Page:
President leans into bipartisanship, but skepticism abounds

This week, President Donald has put more heft behind his hopeful rhetoric of a "different relationship" with Congress, discussing ways to move forward his legislative agenda with Democratic support and focusing on areas of agreement. The initiative follows last week's decision to support Democratic leaders' proposal to raise the debt ceiling for three months over the recommendations of Republicans.

But many wonder how effective his entreaties will be, as major pieces of legislation -- such as tax reform -- are only being crafted by Republican lawmakers.

On Tuesday night, welcomed an equally split group of six GOP and Democratic senators to the White House to discuss tax reform. He then greeted eight House Democrats and five House Republicans to do the same on Wednesday. And on Wednesday night, Democratic leaders Sen. Chuck Schumer and Rep. Nancy Pelosi -- who have criticized at every turn -- are joining the President for a private dinner at the White House.

"We should be able to come together to make government work for the people. That's why I was elected. That's why I ran," said as he sat down with the House members.

On that front, has offered indications he would support standalone legislation offering protections for young undocumented immigrants brought to the US as children -- a priority for Democrats -- despite first signaling that it would need to be tied to border security measures.

And he even appeared to shift the goalposts on tax reform following his discussions with Democrats, signaling Wednesday that he was open to to proposals that would see the wealthiest Americans pay more.

Sudden turn?
Isolated, Trump embraces New York friends -- and instincts

Isolated, Trump embraces New York friends -- and instincts

But 's sudden turn toward bipartisanship comes after the first eight months of his presidency were defined by bitter squabbles with Democrats and a near-singular focus on policies aimed at pleasing his political base.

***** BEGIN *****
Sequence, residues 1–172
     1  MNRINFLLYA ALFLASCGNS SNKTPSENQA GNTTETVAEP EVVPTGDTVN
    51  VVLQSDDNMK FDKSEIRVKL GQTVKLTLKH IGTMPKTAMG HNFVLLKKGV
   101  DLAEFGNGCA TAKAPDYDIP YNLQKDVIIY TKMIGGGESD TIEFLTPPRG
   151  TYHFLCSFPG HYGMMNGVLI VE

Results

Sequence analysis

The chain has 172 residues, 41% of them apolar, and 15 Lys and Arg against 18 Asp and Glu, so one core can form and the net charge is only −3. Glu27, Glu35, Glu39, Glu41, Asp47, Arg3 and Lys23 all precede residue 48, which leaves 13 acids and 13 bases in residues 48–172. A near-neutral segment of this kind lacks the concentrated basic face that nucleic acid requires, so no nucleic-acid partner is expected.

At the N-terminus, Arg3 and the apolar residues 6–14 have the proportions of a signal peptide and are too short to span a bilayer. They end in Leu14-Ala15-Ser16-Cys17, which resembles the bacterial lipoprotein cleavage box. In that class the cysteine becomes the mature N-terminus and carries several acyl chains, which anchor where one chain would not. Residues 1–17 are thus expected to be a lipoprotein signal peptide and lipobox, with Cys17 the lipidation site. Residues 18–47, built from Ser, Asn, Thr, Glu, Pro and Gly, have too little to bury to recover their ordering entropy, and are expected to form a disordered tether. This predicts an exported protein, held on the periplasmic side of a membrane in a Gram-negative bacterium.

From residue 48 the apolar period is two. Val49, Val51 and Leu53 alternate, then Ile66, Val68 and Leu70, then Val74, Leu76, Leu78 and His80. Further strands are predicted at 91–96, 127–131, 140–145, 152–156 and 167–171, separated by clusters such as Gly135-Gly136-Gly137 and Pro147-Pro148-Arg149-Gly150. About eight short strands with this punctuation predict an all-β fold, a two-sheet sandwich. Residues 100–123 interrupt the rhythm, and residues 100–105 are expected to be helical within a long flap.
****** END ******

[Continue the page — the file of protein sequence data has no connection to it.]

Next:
It also occurs after months-long discussions with congressional Republican leaders on tax reform. Key Democrats, such as Oregon Sen. Ron Wyden who serves on the Senate Finance Committee, had yet to get a call from .

Wyden pointed to the "irony" in that silence, given he has co-authored two bipartisan tax bills. While he said he hoped was serious about a bipartisan push, he said an "awful lot of time has been frittered away" by not bringing Democrats into the fold earlier.

On that front, has so far focused on courting moderate Democrats from states he won in 2016, far fewer than he would need to overcome the 60-vote hurdle to pass bipartisan tax reform.

The twist has left both Democrats and Republicans scratching their heads, unsure of the President's intentions.

"I don't think anyone on any side of the aisle can have any level of confidence on what to expect from the President," a Democratic leadership aide told CNN, noting that is "quite impulsive."

A Republican leadership aide echoed the sentiment, pointing to 's seemingly spur-of-the-moment decision last week to side with Democrats -- over the objections of Republican leaders and his own Treasury secretary -- on a three-month deal that was widely panned by Capitol Hill Republicans.